The goal of the roughly 150 players is a sustainable league that offers the competitive supports and training environments the male pros get, and wages that allow them to be professional athletes.

They’ve so far refused to join the six-team National Women’s Hockey League, which recently announced a doubling of each team’s salary cap to US$300,000 for next season. The Toronto Six is the lone Canadian club in that league.

The PWHPA held a series of Dream Gap Tour tournaments and events across North America in 2019-20 before the global pandemic brought the sporting world to its knees.

The pandemic continued to impede women’s hockey internationally and domestically.

The women’s world championship in Nova Scotia was cancelled a second straight year, although Hockey Canada is committed to hosting the tournament in August in a location yet to be named.

January’s world under-18 women’s championship in Sweden was called off, while a men’s under-20 champion was crowned in Edmonton that month.

The men’s world under-18 championship in Texas concludes Thursday. The men’s world championship is scheduled to open in just over two weeks on May 21 in Riga, Latvia.

The NHL, men’s minor pro leagues and major junior’s Western Hockey League and Quebec Major Junior Hockey League all operated in some form this winter.

Calgary’s Scotiabank, Toronto’s Sonnet and Montreal’s Bauer squaring off for a trophy and prize money can help revive the visibility of women’s hockey in Canada, Hefford said.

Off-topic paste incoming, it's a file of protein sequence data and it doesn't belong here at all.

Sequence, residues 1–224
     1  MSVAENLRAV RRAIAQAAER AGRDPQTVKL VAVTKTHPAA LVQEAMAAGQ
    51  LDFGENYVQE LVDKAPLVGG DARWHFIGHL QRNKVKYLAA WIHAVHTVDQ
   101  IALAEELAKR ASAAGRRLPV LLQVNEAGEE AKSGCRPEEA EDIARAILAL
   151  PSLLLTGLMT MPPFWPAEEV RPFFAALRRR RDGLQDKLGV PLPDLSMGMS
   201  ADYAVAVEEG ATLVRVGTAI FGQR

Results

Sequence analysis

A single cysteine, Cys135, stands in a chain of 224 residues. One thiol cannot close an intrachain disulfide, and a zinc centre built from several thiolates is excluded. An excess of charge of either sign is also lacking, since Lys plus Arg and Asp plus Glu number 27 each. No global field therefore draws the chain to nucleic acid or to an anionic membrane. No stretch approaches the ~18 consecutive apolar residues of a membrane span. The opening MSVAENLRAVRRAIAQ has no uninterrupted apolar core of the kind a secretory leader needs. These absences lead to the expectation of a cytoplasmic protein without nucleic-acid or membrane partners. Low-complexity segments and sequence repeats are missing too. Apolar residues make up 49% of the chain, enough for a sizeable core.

“We represent the players and we want to see them out there,” she stated.

“We have partners that have been so loyal and committed, so helpful in this process to move this forward, get the women back on the ice. 

“It seems like men’s hockey has gone on and we continue to hit these hurdles. 

“I hope this is a great opportunity for the women to play, but also for people to see the best of women’s hockey on the ice again.”

This report by The Canadian Press was first published May 6, 2021.

Donna Spencer, The Canadian Press

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Alberta

Canadian Natural reports $1.38B Q1 profit, record quarterly production

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CALGARY — Canadian Natural Resources Ltd. reported a first-quarter profit of nearly $1.38 billion compared with a loss a year ago.

The oilsands producer says the profit amounted to $1.16 per diluted share for the quarter ended March 31.

The result compared with a loss of $1.28 billion or $1.08 per diluted share a year ago.

Revenue totalled $6.6 billion, up from $4.5 billion in the first three months of 2020, helped by higher oil and natural gas prices.

Production in the quarter was a record 1,245,703 barrels of oil equivalent per day, up from 1,178,752 barrels of oil equivalent per day in the first quarter of 2020.

On an adjusted basis, Canadian Natural says it earned $1.03 per diluted share compared with an adjusted loss of 25 cents per share last year.

This report by The Canadian Press was first published May 6, 2021.

Companies in this story: (TSX:CNQ)